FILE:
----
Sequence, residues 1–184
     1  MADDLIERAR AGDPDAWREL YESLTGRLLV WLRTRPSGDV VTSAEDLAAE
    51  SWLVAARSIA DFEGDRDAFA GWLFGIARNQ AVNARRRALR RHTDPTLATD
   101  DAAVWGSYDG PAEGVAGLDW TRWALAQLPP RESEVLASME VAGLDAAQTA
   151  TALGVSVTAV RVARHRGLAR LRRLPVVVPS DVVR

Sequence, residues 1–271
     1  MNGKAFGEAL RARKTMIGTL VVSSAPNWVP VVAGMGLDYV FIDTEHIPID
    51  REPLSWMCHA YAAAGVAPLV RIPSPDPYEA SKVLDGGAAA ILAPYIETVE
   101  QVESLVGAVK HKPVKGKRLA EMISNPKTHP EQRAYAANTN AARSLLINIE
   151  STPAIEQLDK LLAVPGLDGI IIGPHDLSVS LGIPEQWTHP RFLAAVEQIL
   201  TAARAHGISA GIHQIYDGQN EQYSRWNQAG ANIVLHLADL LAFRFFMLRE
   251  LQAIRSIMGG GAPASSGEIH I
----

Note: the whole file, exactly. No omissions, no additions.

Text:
Sequence, residues 1–184
     1  MADDLIERAR AGDPDAWREL YESLTGRLLV WLRTRPSGDV VTSAEDLAAE
    51  SWLVAARSIA DFEGDRDAFA GWLFGIARNQ AVNARRRALR RHTDPTLATD
   101  DAAVWGSYDG PAEGVAGLDW TRWALAQLPP RESEVLASME VAGLDAAQTA
   151  TALGVSVTAV RVARHRGLAR LRRLPVVVPS DVVR

Sequence, residues 1–271
     1  MNGKAFGEAL RARKTMIGTL VVSSAPNWVP VVAGMGLDYV FIDTEHIPID
    51  REPLSWMCHA YAAAGVAPLV RIPSPDPYEA SKVLDGGAAA ILAPYIETVE
   101  QVESLVGAVK HKPVKGKRLA EMISNPKTHP EQRAYAANTN AARSLLINIE
   151  STPAIEQLDK LLAVPGLDGI IIGPHDLSVS LGIPEQWTHP RFLAAVEQIL
   201  TAARAHGISA GIHQIYDGQN EQYSRWNQAG ANIVLHLADL LAFRFFMLRE
   251  LQAIRSIMGG GAPASSGEIH I